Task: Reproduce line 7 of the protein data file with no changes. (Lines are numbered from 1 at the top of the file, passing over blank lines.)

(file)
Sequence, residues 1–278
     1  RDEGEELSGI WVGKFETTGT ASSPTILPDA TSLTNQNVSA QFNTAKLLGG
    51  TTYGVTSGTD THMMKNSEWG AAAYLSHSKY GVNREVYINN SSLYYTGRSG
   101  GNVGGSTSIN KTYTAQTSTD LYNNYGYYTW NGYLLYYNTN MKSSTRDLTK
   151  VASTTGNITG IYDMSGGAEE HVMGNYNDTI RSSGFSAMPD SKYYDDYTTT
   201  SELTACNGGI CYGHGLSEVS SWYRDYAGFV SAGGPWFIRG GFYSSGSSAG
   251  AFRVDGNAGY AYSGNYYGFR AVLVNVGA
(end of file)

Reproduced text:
   251  AFRVDGNAGY AYSGNYYGFR AVLVNVGA